WASHINGTON - The conflict between Israelis and Palestinians, and the broader schism between Israel and Arab states, is of deep concern to a great many people who have no personal connection to either side. While Arab and Jewish Americans are on the front lines of citizen advocacy regarding US policy toward the conflict and peacemaking efforts, secular and Christian Americans are also involved and consider the conflict important to their lives and to the United States. Many people of all three faiths hold a profound attachment to the Holy Land. As an example, Christians grieve the severing of the natural and historic connection between their holy sites in Jerusalem and Bethlehem by Israel's separation barrier.
Churches for Middle East Peace (CMEP) is a coalition which seeks to influence the US Congress and Administration to adopt polices and take actions that would resolve the conflict and ease human suffering. The coalition brings together Orthodox, Catholic and Protestant national churches, denominations, and agencies to speak to the government with one clear voice, calling for justice and peace. The goal of CMEP is a negotiated agreement that would bring recognition and security to Israel and a sovereign viable state to Palestinians, with Jerusalem being shared by the governments and the people.
Not all Christians in America agree with us. Some hold a theological attachment to Israel and the Jewish people, interpreted as a directive that Israel should not give up any land -- even for the sake of peace. Most of these so-called "Christian Zionists" belong to non-denominational churches that often rally around charismatic preachers. News reports of Christians demonstrating passionate and exclusive support for Israel and of anti-Muslim diatribes by Christian pastors are known throughout the Arab and Muslim world. These reports distort the reality of American Christian sentiment. Regrettably, the moderate peace and justice language and actions of traditional churches are rarely considered newsworthy, making these voices within the Christian community rarely heard.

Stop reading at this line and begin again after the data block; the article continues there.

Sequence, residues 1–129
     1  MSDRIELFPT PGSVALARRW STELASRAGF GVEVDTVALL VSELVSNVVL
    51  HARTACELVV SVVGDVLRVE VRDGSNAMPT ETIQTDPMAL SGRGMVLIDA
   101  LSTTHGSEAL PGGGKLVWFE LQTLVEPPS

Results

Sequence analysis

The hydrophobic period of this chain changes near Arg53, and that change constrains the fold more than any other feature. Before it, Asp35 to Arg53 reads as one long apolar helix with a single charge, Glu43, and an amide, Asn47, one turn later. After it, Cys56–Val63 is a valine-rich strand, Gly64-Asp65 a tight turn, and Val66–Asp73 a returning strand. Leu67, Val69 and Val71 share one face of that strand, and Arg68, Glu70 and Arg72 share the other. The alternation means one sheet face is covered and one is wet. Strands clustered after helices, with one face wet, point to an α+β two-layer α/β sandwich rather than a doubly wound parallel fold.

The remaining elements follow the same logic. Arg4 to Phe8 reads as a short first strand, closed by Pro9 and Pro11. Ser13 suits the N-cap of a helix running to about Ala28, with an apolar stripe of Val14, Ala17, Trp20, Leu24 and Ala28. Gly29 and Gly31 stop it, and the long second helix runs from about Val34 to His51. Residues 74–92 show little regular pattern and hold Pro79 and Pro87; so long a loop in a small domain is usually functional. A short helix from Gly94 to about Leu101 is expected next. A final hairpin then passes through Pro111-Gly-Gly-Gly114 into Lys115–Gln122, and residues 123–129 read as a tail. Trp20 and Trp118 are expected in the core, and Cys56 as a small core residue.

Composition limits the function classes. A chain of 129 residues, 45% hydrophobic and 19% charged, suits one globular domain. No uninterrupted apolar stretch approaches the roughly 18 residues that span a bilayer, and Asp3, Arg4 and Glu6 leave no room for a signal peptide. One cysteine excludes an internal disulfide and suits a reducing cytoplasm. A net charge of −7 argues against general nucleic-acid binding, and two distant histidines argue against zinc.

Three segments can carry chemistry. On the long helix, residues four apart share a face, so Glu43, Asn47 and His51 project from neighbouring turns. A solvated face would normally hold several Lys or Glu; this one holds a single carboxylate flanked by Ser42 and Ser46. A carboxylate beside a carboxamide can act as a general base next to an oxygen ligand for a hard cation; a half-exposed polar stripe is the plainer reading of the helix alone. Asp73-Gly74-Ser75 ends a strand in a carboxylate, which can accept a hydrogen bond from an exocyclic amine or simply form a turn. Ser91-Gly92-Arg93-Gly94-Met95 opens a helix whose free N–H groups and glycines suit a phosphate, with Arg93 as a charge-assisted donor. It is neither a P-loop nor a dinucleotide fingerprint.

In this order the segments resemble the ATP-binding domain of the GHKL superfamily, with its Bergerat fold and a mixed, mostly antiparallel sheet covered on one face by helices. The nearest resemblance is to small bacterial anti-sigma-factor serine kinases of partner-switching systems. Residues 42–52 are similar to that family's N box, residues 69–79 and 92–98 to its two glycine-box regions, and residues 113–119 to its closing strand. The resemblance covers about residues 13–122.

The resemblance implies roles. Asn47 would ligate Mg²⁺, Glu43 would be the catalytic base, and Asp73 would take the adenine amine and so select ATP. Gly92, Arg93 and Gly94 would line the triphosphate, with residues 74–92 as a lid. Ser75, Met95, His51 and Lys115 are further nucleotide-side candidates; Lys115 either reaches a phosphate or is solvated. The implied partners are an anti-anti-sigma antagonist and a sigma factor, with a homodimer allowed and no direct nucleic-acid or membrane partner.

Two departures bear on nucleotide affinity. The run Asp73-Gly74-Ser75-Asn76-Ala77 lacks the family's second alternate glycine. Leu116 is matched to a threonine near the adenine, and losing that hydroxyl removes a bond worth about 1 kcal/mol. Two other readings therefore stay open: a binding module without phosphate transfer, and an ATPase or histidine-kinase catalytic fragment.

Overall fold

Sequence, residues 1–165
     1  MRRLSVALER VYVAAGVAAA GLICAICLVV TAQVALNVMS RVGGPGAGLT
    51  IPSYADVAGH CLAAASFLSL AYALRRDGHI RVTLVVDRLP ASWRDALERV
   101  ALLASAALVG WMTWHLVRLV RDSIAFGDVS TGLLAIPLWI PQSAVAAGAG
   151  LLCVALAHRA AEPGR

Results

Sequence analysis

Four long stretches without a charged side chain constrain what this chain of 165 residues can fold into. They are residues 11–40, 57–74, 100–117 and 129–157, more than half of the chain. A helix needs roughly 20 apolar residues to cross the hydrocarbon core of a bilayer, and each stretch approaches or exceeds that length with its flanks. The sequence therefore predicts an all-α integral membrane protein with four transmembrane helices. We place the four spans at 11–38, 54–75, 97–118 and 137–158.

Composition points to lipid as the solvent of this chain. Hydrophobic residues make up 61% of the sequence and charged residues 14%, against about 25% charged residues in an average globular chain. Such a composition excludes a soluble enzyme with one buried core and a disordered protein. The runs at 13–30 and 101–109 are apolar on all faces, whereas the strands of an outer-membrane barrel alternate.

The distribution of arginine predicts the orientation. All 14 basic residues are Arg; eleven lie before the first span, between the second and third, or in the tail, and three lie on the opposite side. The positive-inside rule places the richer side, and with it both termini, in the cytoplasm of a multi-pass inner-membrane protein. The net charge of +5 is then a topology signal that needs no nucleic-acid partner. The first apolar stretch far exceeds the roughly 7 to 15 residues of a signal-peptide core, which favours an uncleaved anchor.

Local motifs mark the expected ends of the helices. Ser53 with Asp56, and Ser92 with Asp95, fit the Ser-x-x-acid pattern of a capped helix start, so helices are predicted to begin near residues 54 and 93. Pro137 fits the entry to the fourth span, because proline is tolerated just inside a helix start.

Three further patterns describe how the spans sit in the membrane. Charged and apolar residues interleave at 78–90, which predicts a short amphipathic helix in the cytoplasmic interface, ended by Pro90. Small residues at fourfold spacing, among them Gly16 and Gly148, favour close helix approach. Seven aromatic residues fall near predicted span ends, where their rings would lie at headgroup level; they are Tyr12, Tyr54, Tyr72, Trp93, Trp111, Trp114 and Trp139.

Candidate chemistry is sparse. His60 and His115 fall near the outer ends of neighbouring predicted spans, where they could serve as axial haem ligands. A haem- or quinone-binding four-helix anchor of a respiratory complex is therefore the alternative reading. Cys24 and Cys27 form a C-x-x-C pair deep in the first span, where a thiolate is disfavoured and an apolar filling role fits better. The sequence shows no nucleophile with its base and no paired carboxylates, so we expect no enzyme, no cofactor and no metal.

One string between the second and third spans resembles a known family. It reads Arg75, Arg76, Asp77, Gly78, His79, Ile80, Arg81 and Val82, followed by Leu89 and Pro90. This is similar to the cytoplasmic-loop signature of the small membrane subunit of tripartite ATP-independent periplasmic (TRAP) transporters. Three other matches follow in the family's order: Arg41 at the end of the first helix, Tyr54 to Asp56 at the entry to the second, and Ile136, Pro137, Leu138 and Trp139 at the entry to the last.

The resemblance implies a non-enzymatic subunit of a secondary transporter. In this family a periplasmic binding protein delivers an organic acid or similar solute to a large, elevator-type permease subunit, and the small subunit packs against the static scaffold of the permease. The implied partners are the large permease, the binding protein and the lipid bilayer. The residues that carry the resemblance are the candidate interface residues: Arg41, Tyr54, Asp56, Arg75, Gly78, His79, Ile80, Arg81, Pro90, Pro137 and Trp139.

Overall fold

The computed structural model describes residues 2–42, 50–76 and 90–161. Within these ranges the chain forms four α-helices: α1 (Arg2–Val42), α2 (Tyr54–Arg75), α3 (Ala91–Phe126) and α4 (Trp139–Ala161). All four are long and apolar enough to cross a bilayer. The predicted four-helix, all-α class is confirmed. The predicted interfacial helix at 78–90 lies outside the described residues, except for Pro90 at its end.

Some churches and denominations in the United States have direct partner ties with Palestinian churches and to churches in Jordan, Lebanon, Syria, Egypt and Israel. All feel a strong attachment to the Holy Land and long for peace and reconciliation with all members of the Abrahamic family of faiths -- Jews, Christians and Muslims. In meetings with US policymakers, CMEP addresses the situation of Palestinian Christians, namely how the ongoing occupation and conflict leads to their emigration, further depletion of their already small numbers and the erosion of the historic Christian-Muslim nature of Palestinian society.
Our concern is not only for the Christians of the Holy Land, but for the whole of the Palestinian people, as well as the citizens of Israel. CMEP strives to be a balanced advocate for the common good of Israelis and Palestinians -- both victims of epic tragedies and repeated wars and violence. Neither has grasped the suffering of the other, and peace-making efforts by the United States and the international community have thus far been inadequate.
CMEP does not work alone on Capitol Hill and enjoys warm cooperative relationships with both Jewish and Arab organizations. Americans for Peace Now, Brit Tzedek V'Shalom, Israel Policy Forum, Arab American Institute and American Task Force on Palestine have quite similar policy positions to the churches in the CMEP coalition. We visit Congressional offices and arrange meetings at the State Department knowing that our message will be reinforced by Jews and Arabs, both Muslim and Christian. As we bring our message to policymakers that this is not a zero sum game -- that the US must be a friend to both Israel and the Palestinians -- we find a growing understanding that unending conflict is not good for Israel or for America.
This is certainly a time of deep despair among all who work and pray for peace and reconciliation. The fracture of the Palestinian society and governance, along with weak US and Israeli leadership dampens hope of progress and raises fear of spiralling violence. Yet, we keep in mind that last summer and at numerous times in recent decades fighting has raged and pessimism ruled. Resolving the Israeli-Palestinian conflict and ending the occupation is of such intense importance to so many people globally, that peacemaking is irrepressible. The Arab League Initiative offers new opportunities. We are now urging the US Administration to breathe life into the President's declared vision of a viable Palestinian state, including assurance that Jerusalem will be a shared city, the capital of Palestine and of Israel.
* Corinne Whitlatch is the Executive Director of Churches for Middle East Peace, www.cmep.org. This article is distributed by the Common Ground News Service (CGNews) and can be accessed at www.commongroundnews.org.
Source: Common Ground News Service, 16 August 2007, www.commongroundnews.org
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